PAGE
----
Book Review: Extra Virginity

I was chatting to my neighbour once, telling him about the oil mill which I am making, and explaining my plans to market my olive goods as a single estate product. I started explaining how my oil, by virtue of a rapid from-picking-to-press process, would differ from the rest. He explained with an outburst there are only two types of olive oil: good and bad. All this hype about virgin and extra virgin, and the other categories which they periodically introduce: all constitute lies and deception. Now, we are all aware that there is nearly always some element of deceit in advertising, and many councils and institutions are set up simply to promote trade. I did a little digging and came across Mr. Tom Mueller. He has written a really good book about the olive oil industry called ‘Extra Virginity’. It is obvious Tom has thrown himself into his research, and he really does deserve credit for his exposé. I was compelled to write to him through his Truth in Olive Oil website. Here is a copy of the letter:

Dear Mr. Mueller,
Earlier this year I read Extra Virginity. Your book is an education, and you deserve recognition for your bravery in exposing marketing deceit. I would recommend the read to anyone as an eye opener into just how meaningless a label on a food container can be, and indeed, how ignorant we are when it comes to malpractice within the food industry. What I find particularly noteworthy is the way the farmers you met in the course of writing the book buy into the hype: they seem to revel in the olive oil romance. Farmers I know seem to be down-to-earth, cynical, and conspiracy theorist, so those you interview somewhat surprise me. I am an olive farmer, of sorts, and my experience is that farmers concentrate more on their operations and keeping up with nature, than trying to convince themselves or their immediate families that olive oil is some precious gift of which they have a sacred duty to produce its raw material. As an exponent of raw and whole foods, and guided by the maxim ‘too much of a good thing is bad for you’ I consider liquefied olive oil itself to constitute fraud.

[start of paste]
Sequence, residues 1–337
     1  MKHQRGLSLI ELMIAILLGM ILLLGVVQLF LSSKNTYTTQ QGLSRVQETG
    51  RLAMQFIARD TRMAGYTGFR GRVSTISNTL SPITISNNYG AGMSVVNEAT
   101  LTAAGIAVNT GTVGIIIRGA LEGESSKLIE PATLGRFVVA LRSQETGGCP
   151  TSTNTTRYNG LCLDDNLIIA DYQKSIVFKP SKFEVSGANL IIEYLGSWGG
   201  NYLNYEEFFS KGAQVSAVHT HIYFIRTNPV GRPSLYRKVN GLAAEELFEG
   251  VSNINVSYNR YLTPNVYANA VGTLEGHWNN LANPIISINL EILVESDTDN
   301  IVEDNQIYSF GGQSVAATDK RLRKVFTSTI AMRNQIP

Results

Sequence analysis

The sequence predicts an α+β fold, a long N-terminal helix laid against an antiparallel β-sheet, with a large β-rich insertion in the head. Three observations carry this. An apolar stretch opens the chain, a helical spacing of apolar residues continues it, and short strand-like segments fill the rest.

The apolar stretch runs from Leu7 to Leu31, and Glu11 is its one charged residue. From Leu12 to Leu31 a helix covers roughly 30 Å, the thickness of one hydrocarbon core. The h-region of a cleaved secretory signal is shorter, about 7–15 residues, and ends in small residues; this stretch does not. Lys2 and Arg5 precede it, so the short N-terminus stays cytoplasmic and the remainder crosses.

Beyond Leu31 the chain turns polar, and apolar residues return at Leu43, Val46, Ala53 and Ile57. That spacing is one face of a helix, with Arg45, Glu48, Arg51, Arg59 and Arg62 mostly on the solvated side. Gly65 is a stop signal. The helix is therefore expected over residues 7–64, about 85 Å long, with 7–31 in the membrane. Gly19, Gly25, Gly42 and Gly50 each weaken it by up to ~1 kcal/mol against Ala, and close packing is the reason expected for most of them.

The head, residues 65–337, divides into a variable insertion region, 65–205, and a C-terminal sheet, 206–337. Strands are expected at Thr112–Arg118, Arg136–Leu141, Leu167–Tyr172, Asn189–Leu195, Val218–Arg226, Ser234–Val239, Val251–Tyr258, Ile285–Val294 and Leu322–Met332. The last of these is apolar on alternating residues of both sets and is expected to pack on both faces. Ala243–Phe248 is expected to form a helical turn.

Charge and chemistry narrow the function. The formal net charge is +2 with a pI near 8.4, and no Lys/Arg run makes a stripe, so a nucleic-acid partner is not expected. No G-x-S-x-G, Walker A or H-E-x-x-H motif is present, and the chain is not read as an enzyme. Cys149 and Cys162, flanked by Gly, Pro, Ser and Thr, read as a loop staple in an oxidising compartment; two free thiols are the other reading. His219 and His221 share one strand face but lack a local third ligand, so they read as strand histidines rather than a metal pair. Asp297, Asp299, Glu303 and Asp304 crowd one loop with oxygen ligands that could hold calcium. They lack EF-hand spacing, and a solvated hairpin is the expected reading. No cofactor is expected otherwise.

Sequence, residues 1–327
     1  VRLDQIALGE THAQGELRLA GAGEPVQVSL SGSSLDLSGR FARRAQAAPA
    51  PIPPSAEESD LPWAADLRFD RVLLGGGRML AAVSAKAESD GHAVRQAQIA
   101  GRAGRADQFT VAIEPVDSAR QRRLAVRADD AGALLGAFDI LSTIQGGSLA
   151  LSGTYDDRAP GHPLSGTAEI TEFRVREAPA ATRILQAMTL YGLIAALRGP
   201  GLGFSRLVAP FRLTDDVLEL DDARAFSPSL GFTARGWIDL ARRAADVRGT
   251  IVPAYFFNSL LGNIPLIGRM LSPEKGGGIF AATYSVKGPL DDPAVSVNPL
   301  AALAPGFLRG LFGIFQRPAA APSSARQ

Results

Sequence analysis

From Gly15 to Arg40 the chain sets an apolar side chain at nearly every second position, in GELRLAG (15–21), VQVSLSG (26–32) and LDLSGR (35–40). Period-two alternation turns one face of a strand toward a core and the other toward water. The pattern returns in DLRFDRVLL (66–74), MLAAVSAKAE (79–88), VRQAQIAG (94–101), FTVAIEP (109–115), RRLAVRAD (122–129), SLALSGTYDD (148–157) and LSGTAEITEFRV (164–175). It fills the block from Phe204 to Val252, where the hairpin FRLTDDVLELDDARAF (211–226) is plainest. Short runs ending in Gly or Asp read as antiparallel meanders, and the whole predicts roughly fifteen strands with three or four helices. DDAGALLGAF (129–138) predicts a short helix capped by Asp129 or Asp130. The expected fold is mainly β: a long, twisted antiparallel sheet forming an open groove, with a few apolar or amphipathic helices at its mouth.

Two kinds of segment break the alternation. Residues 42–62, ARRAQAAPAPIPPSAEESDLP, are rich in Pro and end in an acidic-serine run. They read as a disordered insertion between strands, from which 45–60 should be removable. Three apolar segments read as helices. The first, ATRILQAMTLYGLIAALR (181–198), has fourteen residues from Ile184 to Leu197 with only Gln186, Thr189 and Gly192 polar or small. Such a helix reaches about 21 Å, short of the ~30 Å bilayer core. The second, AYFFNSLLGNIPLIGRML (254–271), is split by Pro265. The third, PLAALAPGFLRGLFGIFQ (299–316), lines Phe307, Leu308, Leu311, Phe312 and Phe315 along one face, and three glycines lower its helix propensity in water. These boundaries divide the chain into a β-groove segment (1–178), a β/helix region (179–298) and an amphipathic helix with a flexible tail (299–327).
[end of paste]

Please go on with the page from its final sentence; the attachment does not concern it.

Any concentrate or preserved foodstuff coming via an industrialized process undoubtedly introduces some element of deceit into the food chain. This could be monetary, in health, or by depriving a citizen of employment, the list goes on. I have one particular problem with your book, and I think it demonstrates my point. You may just put it down to semantics, but I cannot grasp your concept of eating olive oil. Simple fact we don’t eat liquids aside, the oil contains no fibre or bulk by which it may be identified as a complete foodstuff. I thought about whether we eat butter: if we do we never really consume it in large amounts like, say, potatoes. Generally we apply olive oil as a condiment, along with something which we do recognize as being able to be eaten.

But on the other hand neither can I consider that one drinks olive oil. Try drinking the stuff and you’ll soon realize that your body will only absorb so much of it, and leave the rest to pass through you, in quite an uncomfortable manner. There is something not right – bodywise – about overgenerous amounts of oil in one’s diet.

You could have used the continental form take, but then you would not convey the message I think you were trying to: that the oil is a whole food. I have found many proclamations that it isn’t. Indeed, there are some scientists warning that liquefied oil is bad for you in the same way as is refined sugar.

I do believe oil of olives is good for you. I have observed a detergent quality in liquefied olive oil when applied to the skin, far more potent than sunflower oil. I dare say olive oil has a similar surfactant property when inside the body too. However, I believe the oil should only be consumed as part of the whole olive. By eating the whole olive your oil intake is always moderated, and easily integrated into a balanced diet. Obviously, I’m not referring to eating jarred olives preserved in brine etc. Nutritionally, they are seriously degraded, virtually void of straight oil, and rather high in sodium content. Neither do I refer to simply picking them from the tree and eating them, for that is quite a challenge. I’m talking about the raw, dehydrated type which are practically unprocessed by human intervention. I’m sure during your travels you have come across these. They are palatable, tasty in a phenolic and resinous way, and quite oily. I call them ‘tree olives’. I have spent years in discovery, and finally, after much experimentation, I have learnt how to produce them myself. I market them through my own enterprise Olia Borruix. I’m selling them directly to persons wishing to include them in their diet, and there are no middle agents in my operation.

Practically unprocessed by human intervention, and with no middle-man in the sales operation, this truly is fraud free olive oil.

Johnny Fitzsimmons